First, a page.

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Fun, Hands-On Fractions Activities for 3rd Grade

I love teaching fractions, especially in third grade when it's a brand new concept. But towards the end of our fraction unit, there's that one dreaded topic that can strike fear in any good elementary math teacher - equivalent fractions.

I used to really hate trying to explain equivalents to my students - especially when they don't have common denominators. But then I realized that just like everything else in life - chocolate can fix any problem!

Fractions Activities for 3rd Grade

In this blog post, I'll show you some fun, hands fractions activities for 3rd grade and 4th grade students (or in 5th for remediation). These two different activities can be used in small group or whole group settings. Either way, your students will love them and learn a lot about fractions!

Fractions aS Whole Numbers

To build an understanding of equivalent fractions, I start with visual models of whole numbers. Fraction bars will work, but candy bars are a more engaging and fun way to do this!

For this activity, you will need:

  • 3 Kit Kat bars

  • Index cards or small Post-It notes

  • Chart paper

First, unwrap the candy bars and place them on a piece of paper like this:

3 kit kat bars as math manipulatives

Third and fourth grade students need to know that 1/1 stands for "1 whole" and 2/1 stands for "2 wholes". Just like a denominator of 2 stands for "half", a denominator of 1 stands for "whole". So use the index cards or sticky notes to label each candy bar with a whole number fraction.

Once you finish labeling, the candy bars will look like this:

kit kat bars labeled with fractions and whole numbers

Basically it's a chocolate number line! What a fun activity, right?

Introducing Equivalent Fractions

For the next step, get out a piece of chart paper to record what the students have just discovered, It might look something like this:

anchor chart of kit kat bar fractions

Now it's time for some fractions magic. Go ahead and turn over the first Kit Kat bar. Ask your whole class these questions:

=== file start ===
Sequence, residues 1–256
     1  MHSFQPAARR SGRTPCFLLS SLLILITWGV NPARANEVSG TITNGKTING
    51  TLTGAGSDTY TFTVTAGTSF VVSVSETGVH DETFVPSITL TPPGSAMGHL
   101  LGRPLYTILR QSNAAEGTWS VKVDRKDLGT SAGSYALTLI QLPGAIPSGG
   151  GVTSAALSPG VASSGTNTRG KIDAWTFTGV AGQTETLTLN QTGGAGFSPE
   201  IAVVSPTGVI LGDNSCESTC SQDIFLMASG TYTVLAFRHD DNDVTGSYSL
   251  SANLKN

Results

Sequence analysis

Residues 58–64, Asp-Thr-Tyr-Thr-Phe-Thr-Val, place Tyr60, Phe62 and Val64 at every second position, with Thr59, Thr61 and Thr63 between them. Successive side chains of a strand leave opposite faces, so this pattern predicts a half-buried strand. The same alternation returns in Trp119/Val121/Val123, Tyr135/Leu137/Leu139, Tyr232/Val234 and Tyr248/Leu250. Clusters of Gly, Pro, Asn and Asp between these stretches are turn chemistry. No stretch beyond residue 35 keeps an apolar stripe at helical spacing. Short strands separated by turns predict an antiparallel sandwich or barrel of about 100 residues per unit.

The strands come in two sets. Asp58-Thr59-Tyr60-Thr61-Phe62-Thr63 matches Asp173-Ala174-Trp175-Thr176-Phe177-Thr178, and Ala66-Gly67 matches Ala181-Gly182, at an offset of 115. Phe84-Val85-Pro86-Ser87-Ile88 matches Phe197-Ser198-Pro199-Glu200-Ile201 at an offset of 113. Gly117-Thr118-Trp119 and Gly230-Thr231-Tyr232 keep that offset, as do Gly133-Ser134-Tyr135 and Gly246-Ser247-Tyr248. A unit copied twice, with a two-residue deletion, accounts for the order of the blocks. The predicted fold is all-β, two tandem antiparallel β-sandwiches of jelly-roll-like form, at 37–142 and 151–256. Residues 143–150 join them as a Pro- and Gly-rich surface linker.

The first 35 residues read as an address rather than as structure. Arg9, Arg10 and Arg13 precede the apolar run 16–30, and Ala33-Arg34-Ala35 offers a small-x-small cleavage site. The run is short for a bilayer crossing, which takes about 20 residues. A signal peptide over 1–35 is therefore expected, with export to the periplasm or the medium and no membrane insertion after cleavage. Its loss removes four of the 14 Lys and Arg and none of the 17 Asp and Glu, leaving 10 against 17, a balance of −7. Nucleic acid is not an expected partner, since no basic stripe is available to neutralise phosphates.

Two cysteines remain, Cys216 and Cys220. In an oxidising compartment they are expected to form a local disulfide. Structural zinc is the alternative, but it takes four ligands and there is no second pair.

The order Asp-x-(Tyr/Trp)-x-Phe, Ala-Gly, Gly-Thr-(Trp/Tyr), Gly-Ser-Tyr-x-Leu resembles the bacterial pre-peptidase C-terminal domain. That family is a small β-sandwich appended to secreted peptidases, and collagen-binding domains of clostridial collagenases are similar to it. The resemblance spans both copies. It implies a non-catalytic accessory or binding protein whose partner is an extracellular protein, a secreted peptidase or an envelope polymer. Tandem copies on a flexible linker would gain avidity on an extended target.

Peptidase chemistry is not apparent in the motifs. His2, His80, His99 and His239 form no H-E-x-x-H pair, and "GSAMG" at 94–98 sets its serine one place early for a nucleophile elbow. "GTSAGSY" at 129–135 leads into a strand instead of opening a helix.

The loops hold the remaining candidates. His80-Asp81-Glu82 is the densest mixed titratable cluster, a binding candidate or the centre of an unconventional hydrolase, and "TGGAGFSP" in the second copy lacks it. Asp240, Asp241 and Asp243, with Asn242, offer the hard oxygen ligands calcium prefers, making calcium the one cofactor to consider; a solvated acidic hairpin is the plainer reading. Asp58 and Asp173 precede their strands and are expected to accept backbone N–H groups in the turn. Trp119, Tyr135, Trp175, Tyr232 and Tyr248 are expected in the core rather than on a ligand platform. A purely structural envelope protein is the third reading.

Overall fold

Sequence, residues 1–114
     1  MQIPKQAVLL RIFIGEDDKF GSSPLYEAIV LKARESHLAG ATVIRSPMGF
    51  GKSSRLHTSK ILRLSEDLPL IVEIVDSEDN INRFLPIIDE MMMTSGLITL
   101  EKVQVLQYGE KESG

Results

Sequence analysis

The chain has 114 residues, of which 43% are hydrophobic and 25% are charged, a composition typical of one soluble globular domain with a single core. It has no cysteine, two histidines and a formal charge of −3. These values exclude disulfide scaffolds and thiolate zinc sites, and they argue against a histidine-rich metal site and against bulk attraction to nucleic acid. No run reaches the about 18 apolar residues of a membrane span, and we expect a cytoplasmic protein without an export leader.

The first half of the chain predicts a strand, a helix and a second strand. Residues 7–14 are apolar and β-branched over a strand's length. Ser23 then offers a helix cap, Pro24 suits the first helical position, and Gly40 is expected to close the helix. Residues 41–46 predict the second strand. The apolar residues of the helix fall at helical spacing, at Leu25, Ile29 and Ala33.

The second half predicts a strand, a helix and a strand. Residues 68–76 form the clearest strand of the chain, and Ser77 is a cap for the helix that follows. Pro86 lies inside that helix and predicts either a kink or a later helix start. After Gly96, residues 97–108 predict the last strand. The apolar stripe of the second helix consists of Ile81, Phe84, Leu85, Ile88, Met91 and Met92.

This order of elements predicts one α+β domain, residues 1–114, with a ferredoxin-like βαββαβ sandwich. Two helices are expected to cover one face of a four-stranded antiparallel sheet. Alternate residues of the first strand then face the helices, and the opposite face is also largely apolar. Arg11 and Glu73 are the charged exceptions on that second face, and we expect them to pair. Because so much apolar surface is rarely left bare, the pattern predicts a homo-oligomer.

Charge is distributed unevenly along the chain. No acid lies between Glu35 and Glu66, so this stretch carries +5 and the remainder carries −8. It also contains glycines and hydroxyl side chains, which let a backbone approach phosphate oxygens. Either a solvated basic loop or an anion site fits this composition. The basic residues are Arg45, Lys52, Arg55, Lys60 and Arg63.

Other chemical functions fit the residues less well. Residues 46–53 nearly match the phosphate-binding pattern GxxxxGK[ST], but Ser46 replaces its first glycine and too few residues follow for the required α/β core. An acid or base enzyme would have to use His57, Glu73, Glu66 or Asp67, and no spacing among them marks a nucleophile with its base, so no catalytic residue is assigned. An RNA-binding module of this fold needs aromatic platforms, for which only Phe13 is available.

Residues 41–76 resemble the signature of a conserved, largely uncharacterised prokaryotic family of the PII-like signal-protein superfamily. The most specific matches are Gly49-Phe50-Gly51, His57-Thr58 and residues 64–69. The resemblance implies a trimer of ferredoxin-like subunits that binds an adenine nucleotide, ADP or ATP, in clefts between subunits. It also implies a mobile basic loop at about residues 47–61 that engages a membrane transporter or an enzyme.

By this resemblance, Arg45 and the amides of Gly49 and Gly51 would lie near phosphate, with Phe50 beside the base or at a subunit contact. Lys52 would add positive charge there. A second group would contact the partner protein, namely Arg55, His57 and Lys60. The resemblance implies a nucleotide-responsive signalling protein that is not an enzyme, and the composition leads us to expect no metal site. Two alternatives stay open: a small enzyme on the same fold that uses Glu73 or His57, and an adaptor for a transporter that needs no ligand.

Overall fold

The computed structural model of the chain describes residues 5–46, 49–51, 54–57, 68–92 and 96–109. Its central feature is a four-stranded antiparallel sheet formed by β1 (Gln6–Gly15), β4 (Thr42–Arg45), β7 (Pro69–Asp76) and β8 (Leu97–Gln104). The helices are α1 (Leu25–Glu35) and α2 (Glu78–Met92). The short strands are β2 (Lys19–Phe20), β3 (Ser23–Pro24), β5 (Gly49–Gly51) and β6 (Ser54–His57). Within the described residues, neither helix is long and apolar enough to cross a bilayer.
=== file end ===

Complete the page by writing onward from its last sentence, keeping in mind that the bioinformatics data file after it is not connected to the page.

• How many equal sections is the candy bar partitioned into? - Answer: 4

  • How much of the candy bar does each section represent (What is the unit fraction)? - Answer: one fourth

  • How would you label each section of the candy bar? - Answer: 1/4, 2/4, 3/4, and 4/4

As your students name off the fraction for each section, you can label them on the candy bars. Be sure to point out how the 4/4 lines up with 1/1 and even though these fractions have different names, they are both a way to describe one whole.

Next, turn over the second Kit Kat bar and continue labeling the fourths - 5/4, 6/4, 7/4, and 8/4 - so your candy bars look like this:

kit kat bars labeled with fractions greater than one

Hopefully your real life chocolate model will give your students an ah-ha moment and they will notice that 8/4 lines up with 2/1 which means they are equal fractions - and both of those are equivalent to the whole number 2!

If improper fractions or mixed numbers are part of your curriculum, this is also a great way to introduce those math concepts! You can point out that any fraction with a larger number on top is called an improper fraction. Circle those on your chart in different colors. This is when I show my 4th or 5th graders how to change an improper fraction into a mixed number by writing the whole number followed by the fractional part:

anchor chart for mixed number fractions

All of this information goes onto our anchor charts for future reference. Students need to see these fraction concepts many times - not just during your lesson!